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BWW Review: JESUS HOPPED THE 'A' TRAIN is Worth Catching at 1st Stage

BWW Review: JESUS HOPPED THE 'A' TRAIN is Worth Catching at 1st Stage

Do you believe in God? What makes a person evil or good? In 1st Stage's production of Jesus Hopped the 'A' Train, Angel Cruz (Luis Alberto Gonzalez), a man convicted of attempted murder, and Lucius Jenkins, a serial killer, (Frank Britton) converse about these questions among many others while they are awaiting their fates in Rikers Island Prison. Not only does the play explore faith and religion, but it also tackles prominent issues within the criminal justice system. Jesus Hopped the 'A' Train, directed by Alex Levy and Juan Francisco Villa, is intense and timely, but there are certain aspects of this production that leave it less effective than it could be.

1st Stage's Jesus Hopped the 'A' Train is set as a theatre-in-the-round. While this allows the audience to be closer to the actors, but it is a little claustrophobic. Despite the restraints of space, the cast moves with ease off and on the small platform stage without missing a beat. There is an advantage to being closer to the actors especially during parts in which a single actor comes on stage to tell a story. A prime example of this would be when Teresa Castracane, who plays Cruz's attorney, Mary Jane Hanrahan, tells a story about her father attending a fancy dance with her. The set-up of theatre-in-the-round assists with the intensity of the production, but the cast didn't need the extra help as their performances fueled it. Standout performances include Teresa Castracane as Mary Jane Hanrahan, Frank Britton as Lucius Jenkins, and Luis Alberto Gonzalez as Angel Cruz. The best scenes are ones in which a combination of these actors is on stage. Gonzalez and Britton's scenes are interesting to watch interact with each other especially in a scene in which Lucius and Angel talk about Angel's faith. It isn't always the conservations about faith and religion between these characters that are perplexing. It is the brief snippets of conservation that touch on the criminal justice system. One scene in particular, Mary Jane mentions that mix-ups happen in prison. Where the first act feels like an intense, satisfying marathon, the second act is quite different.

Under no fault of the actors, the intensity from the second half seems to die off. This is perhaps due to the playwright's pacing in the second act, as well as, a break for intermission that fizzles the tension. In the case of a production like this, it is best to continue to move on without an intermission to continue the emotional trajectory. The lighting design, by Brittany Shemuga, is simple, but superb. Throughout the production, one can tell whether the actors are indoors or outdoors. The lighting also extenuates the actors' lines especially in one instance in which a character is describing his experience of seeing the light of the 'A' train. Where the lighting shines, the scene transitions jolt. Abrupt transitions between scenes feature loud rock music which doesn't seem to fit the aesthetic of the play.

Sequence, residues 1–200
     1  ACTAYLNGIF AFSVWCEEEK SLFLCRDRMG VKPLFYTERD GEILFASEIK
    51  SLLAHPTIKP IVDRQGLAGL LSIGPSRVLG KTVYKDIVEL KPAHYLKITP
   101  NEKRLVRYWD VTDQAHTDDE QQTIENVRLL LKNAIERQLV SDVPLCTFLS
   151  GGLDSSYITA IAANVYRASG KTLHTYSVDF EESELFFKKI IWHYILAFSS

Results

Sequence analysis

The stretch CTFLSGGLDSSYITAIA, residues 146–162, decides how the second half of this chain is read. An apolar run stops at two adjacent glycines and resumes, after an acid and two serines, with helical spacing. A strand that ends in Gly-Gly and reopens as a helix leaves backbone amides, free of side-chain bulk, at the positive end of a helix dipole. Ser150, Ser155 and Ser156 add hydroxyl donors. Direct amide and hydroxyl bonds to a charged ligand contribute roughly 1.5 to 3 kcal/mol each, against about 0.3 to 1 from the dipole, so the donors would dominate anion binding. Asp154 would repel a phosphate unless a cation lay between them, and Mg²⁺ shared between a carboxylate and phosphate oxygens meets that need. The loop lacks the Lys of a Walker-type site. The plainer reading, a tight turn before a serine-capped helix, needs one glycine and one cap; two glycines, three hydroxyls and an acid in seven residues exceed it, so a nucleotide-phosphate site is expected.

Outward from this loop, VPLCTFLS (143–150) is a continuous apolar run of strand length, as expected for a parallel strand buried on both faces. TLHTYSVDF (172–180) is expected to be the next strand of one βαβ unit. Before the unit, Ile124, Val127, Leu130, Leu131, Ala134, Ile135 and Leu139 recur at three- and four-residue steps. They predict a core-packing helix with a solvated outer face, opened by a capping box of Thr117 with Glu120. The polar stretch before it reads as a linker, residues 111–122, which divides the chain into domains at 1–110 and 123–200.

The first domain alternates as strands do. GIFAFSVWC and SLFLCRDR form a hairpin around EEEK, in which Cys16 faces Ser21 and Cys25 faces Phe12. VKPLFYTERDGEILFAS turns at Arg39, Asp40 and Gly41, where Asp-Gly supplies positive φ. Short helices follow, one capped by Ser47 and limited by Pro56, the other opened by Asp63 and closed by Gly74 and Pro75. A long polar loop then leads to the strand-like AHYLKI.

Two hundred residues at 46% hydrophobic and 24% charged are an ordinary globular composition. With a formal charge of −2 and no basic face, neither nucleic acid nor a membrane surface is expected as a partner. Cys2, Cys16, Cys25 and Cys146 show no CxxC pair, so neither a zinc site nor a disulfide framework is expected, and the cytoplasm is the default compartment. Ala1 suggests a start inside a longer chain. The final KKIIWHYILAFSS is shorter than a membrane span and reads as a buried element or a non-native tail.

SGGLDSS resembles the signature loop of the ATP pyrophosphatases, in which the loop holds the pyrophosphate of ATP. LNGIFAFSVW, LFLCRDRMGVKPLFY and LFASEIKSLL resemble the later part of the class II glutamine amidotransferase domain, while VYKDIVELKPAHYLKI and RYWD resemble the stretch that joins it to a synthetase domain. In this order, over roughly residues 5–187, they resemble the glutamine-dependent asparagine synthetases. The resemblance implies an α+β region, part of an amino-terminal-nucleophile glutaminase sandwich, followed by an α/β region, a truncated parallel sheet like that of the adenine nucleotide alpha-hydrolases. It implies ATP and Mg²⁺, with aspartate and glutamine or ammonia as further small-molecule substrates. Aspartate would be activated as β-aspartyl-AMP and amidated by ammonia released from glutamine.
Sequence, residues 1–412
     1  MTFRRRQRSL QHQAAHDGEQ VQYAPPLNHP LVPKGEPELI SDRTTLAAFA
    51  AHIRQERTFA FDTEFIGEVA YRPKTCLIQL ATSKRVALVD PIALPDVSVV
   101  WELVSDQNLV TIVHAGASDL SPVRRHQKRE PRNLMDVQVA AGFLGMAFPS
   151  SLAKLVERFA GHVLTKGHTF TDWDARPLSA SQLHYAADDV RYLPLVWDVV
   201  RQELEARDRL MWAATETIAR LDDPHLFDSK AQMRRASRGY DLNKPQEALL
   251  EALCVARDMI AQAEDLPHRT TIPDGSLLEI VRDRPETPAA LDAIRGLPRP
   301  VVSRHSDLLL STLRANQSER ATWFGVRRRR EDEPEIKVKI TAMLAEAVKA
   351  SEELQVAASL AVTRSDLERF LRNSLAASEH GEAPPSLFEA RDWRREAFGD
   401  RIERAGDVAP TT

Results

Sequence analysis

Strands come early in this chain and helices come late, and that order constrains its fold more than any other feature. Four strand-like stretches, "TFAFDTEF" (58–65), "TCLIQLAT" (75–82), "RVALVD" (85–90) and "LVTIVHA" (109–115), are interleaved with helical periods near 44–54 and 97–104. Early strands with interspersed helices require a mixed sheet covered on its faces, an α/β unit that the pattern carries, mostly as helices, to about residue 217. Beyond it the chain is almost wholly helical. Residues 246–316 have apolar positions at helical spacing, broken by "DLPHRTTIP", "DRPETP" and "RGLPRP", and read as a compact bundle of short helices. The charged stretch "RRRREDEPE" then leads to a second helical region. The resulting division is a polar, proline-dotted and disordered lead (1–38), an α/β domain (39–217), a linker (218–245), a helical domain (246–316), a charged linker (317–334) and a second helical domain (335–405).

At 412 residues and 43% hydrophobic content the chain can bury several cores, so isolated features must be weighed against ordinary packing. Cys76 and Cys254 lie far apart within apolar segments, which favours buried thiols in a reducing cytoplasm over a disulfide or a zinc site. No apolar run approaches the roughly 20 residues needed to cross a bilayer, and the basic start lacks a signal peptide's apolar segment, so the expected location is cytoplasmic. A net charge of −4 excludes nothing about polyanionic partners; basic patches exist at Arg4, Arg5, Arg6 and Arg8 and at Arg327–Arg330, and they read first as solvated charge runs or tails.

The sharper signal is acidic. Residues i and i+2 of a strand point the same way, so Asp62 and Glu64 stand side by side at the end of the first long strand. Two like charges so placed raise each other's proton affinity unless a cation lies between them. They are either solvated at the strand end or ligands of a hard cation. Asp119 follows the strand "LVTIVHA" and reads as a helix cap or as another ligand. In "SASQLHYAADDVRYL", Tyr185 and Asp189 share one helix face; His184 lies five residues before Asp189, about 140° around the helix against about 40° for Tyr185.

The play itself, written by Stephen Adly Guirgis, is relevant to today, but it is overwhelming. The themes of Jesus Hopped the 'A' Train are too many, which is part of the play's problem, and clearly not focused. The audience is essentially spoon fed many things such as the death penalty, good vs. evil, and religion. These themes could have been dealt with in a different matter in order to allow the audience to think and speculate more.

Despite the flaws of the script and tiny production hiccups, 1st Stage's production of Jesus Hopped the 'A' Train is a worth catching.

Running time: 2 hours with a 15 minute intermission

Photo caption and credit: (L-R) Luis Alberto Gonzalez, Teresa Castracane, and Frank Britton in "Jesus Hopped the 'A' Train" at 1st Stage. The show runs through October 8, 2017 in Tysons Corner. Photo by Teresa Wood.

1st Stage's Jesus Hopped the 'A' Train runs until October 8, 2017.

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From This Author Hannah Wing

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